Ministry decides to extend school year by 2 monthsThe new academic year will now begin only in mid-June, instead of April, and will be only 10 months long.
The government has decided to extend the ongoing academic year by two months to compensate for time lost due to the Covid-19 pandemic.
The academic session, which was supposed to end in April, will now conclude only in June as students haven’t had time to study properly due to the months-long lockdown to contain the pandemic, said Minister for Education Krishna Gopal Shrestha.
“The current academic session will end in Jestha (mid-June) as teaching-learning was affected by the pandemic,” said Shrestha at a programme on Wednesday. “We will make up for the added time next year by reducing the academic year to 10 months,” said the minister.
Schools across the country were forced to shut down following the Covid-19 lockdown, which started on March 24. They started to reopen late in 2020 after the government eased restrictions put in place to contain the spread of the virus.
On September 20, the government slashed the prescribed study hours and reduced the course load for students by 30 percent with the objective of wrapping up the academic year by April. As per the Curriculum Adjustment Framework prepared by the Curriculum Development Centre, students from grade 1 to 3 need to complete 690 hours of classes, while those from grades 4 to 10 need to attend 848 hours of classes, compared to 1,024 hours prescribed for regular years.
With the reduction in the curriculum and the study hours, the government also authorised the resumption of schools in coordination with the local governments. However, schools in most parts of the country couldn’t run in-person classes due to various reasons, prompting the government to extend the academic session.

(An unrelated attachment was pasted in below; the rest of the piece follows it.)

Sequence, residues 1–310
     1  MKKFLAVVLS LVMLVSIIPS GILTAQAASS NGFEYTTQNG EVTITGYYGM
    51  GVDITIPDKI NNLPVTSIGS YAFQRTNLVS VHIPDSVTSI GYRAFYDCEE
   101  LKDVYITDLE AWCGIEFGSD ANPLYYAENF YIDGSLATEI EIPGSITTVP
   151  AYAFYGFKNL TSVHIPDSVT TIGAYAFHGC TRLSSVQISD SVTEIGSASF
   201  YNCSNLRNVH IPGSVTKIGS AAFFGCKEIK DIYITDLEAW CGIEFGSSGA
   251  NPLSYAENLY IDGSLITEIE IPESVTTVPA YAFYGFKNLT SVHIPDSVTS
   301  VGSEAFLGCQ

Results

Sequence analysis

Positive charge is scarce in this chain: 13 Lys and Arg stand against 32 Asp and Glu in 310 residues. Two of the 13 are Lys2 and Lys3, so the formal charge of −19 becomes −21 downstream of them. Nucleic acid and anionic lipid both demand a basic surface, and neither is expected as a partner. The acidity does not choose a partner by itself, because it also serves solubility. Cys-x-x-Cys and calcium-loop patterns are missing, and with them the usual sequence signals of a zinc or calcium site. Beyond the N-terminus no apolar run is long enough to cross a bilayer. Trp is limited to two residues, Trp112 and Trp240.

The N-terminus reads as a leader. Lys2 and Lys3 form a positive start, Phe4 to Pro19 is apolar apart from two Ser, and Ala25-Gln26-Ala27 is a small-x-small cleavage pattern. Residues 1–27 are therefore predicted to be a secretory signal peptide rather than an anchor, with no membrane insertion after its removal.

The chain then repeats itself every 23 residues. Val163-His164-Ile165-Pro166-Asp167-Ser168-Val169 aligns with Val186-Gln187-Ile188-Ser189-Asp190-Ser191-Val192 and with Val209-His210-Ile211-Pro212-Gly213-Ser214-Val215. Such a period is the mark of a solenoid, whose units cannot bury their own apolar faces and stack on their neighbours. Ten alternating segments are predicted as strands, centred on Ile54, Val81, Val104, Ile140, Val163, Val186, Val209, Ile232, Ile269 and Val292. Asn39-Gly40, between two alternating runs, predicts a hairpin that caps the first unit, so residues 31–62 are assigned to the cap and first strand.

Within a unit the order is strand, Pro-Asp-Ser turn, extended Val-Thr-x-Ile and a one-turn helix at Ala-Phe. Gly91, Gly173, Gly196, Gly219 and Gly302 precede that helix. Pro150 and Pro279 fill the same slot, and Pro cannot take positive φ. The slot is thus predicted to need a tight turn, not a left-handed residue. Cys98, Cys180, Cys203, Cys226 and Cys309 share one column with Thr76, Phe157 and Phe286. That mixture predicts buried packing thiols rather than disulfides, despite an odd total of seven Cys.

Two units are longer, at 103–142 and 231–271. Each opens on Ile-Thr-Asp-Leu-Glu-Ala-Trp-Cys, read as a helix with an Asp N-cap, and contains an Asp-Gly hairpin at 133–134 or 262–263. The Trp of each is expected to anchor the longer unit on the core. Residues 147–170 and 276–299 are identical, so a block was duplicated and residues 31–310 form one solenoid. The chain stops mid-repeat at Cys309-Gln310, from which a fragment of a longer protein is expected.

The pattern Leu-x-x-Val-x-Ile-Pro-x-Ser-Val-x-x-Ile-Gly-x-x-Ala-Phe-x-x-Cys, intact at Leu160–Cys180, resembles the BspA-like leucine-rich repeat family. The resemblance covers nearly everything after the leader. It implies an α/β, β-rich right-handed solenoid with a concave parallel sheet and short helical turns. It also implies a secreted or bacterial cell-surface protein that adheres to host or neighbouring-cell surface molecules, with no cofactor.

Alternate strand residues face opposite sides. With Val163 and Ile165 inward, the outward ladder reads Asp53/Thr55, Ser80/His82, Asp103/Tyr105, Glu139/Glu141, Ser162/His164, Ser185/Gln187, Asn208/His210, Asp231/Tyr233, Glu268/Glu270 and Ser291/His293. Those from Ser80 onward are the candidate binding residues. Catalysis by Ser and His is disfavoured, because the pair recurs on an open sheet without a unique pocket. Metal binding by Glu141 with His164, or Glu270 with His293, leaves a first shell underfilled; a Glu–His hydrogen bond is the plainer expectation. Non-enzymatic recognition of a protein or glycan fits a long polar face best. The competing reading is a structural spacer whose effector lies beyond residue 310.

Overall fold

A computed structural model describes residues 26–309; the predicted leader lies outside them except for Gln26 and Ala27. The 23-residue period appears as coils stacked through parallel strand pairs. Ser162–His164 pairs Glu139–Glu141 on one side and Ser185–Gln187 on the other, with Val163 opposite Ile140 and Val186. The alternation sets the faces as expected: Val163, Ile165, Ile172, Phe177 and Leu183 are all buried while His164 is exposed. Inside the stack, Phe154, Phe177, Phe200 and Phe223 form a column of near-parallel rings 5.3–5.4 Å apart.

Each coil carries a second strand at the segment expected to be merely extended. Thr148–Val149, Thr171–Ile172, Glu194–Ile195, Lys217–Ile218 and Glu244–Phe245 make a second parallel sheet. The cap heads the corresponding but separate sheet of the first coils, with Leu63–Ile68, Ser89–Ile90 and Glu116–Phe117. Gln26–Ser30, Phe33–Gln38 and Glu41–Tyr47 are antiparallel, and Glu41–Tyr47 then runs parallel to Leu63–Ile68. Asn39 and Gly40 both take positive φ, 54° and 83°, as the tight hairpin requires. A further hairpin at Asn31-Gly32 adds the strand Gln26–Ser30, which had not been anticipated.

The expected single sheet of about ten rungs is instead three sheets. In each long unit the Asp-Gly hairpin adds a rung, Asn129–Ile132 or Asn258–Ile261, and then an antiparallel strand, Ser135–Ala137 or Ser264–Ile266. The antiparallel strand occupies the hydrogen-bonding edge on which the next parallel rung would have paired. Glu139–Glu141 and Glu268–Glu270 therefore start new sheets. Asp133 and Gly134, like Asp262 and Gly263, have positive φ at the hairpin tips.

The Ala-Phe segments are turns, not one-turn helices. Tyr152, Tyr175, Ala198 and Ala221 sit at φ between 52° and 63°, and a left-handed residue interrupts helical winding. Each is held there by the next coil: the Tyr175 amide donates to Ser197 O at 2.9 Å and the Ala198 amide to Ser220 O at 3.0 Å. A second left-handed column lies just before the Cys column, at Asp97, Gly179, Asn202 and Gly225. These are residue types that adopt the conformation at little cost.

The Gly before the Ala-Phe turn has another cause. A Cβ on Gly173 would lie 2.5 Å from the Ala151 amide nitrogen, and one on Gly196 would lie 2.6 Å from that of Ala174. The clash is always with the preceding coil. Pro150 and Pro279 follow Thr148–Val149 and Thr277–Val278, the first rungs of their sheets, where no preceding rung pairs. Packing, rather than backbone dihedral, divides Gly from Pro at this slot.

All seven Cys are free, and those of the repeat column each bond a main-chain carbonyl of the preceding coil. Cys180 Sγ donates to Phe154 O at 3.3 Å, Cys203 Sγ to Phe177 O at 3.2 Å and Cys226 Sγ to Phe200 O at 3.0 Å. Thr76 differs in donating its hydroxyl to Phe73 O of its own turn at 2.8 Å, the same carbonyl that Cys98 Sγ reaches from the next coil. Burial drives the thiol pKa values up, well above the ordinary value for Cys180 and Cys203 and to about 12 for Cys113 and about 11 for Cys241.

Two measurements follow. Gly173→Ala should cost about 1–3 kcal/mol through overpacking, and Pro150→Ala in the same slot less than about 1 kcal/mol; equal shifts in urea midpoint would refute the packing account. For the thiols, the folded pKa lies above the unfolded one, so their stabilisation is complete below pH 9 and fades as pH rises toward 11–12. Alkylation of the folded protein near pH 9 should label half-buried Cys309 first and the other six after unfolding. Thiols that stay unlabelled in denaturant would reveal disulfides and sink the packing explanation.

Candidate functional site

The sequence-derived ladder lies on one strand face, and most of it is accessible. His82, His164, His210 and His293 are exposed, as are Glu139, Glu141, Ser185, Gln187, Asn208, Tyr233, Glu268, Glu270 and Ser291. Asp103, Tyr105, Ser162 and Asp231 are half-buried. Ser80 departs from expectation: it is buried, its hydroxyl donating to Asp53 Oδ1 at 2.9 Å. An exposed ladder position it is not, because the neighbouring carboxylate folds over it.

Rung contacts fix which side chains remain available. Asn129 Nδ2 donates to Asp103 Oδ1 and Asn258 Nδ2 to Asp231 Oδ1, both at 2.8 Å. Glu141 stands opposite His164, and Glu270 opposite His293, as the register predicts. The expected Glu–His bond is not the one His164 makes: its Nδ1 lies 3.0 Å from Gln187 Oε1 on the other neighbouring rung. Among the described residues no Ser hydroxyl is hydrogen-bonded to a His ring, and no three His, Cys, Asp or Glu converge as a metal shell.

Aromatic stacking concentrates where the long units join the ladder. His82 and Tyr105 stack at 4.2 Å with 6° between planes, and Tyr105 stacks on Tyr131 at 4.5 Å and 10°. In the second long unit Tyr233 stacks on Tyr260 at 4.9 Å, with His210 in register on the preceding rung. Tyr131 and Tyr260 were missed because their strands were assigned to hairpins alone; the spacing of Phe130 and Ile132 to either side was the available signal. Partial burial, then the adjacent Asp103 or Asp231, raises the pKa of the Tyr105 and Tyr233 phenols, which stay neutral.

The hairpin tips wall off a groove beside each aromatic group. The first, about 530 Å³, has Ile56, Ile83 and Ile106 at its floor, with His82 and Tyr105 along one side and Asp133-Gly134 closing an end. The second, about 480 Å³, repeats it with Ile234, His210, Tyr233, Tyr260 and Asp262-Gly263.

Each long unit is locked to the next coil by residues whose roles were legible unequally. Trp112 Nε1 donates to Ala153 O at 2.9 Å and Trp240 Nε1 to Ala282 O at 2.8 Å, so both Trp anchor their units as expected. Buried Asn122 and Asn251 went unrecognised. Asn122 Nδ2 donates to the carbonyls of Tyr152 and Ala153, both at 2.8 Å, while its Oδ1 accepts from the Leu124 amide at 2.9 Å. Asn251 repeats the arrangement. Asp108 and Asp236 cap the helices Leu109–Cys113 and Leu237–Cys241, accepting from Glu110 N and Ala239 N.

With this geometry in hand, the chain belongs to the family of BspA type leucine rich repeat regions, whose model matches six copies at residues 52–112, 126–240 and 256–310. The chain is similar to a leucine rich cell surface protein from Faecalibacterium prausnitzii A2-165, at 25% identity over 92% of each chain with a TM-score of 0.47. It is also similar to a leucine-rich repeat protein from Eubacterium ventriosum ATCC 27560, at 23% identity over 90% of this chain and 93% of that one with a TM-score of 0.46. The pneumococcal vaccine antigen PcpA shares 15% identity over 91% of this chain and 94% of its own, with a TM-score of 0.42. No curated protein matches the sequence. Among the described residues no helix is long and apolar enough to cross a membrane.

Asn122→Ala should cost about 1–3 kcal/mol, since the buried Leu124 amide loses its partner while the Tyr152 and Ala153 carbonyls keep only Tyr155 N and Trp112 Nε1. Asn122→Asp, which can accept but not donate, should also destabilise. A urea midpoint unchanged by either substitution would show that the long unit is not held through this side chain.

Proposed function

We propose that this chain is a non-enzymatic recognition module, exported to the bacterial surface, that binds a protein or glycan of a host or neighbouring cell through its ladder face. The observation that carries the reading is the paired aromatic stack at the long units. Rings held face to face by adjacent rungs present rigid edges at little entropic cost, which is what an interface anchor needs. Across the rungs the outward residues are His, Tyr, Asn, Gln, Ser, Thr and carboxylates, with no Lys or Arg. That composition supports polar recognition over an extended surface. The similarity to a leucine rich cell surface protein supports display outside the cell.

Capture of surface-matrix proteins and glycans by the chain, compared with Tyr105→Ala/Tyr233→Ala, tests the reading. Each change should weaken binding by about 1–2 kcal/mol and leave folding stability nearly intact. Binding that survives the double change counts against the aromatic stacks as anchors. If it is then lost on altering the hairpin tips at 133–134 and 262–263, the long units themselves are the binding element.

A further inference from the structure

Minister Shresthat said this year’s Secondary Education Examination (SEE) will also be held in June.
Although the government directed schools to conduct virtual classes from June 15, it didn’t consider such classes as a means to engage students, and not as a formal teaching-learning environment.
The Curriculum Adjustment Framework that came into effect in September recognised virtual classes conducted through radio, through television, online study and off-line study in addition to face-to-face learning.
The government even announced that it would provide free sim cards and data packs to students who don't have access to the internet. However, virtual learning couldn’t be effective in the majority of schools, except some in the cities and towns.
A study carried out by the National Campaign for Education, an umbrella body of over 300 organisations working in the education sector, in November showed virtual learning was ineffective for 64.3 percent of students surveyed. Similarly, a report by UNICEF showed three out of ten students do not have access to any of the virtual teaching-learning mediums.
Guardians say the extension was necessary as students barely got time to study. “I believe the extension was necessary,” Suprabhat Bhandari, chairperson of Guardian’s Federation Nepal, told the Post. “An additional two months will allow students to compensate for the time lost during the pandemic.”
The Education Ministry had consulted various stakeholders before deciding to extend the current academic year.
A majority of schools, mainly outside Kathmandu, have started face-to-face learning.
Around seven million students study at the school level from 36,000 schools across the country. Around 80 percent of them study in around 29,000 public schools.
“It was necessary to extend the current academic session,” Ritu Raj Sapkota, chairperson of the National Private and Boarding Schools’ Association Nepal, told the Post. “However, I don’t understand why it took so long to decide on an important issue like the academic session.”